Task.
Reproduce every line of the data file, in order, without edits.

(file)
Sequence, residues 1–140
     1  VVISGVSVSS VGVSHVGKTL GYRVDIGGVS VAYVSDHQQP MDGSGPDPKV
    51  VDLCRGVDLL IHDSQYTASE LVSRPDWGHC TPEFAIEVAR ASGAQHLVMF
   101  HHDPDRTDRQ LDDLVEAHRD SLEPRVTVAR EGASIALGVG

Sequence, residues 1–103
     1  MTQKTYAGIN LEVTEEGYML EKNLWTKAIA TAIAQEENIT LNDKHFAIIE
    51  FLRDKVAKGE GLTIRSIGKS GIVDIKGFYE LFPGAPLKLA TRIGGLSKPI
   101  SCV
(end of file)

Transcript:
Sequence, residues 1–140
     1  VVISGVSVSS VGVSHVGKTL GYRVDIGGVS VAYVSDHQQP MDGSGPDPKV
    51  VDLCRGVDLL IHDSQYTASE LVSRPDWGHC TPEFAIEVAR ASGAQHLVMF
   101  HHDPDRTDRQ LDDLVEAHRD SLEPRVTVAR EGASIALGVG

Sequence, residues 1–103
     1  MTQKTYAGIN LEVTEEGYML EKNLWTKAIA TAIAQEENIT LNDKHFAIIE
    51  FLRDKVAKGE GLTIRSIGKS GIVDIKGFYE LFPGAPLKLA TRIGGLSKPI
   101  SCV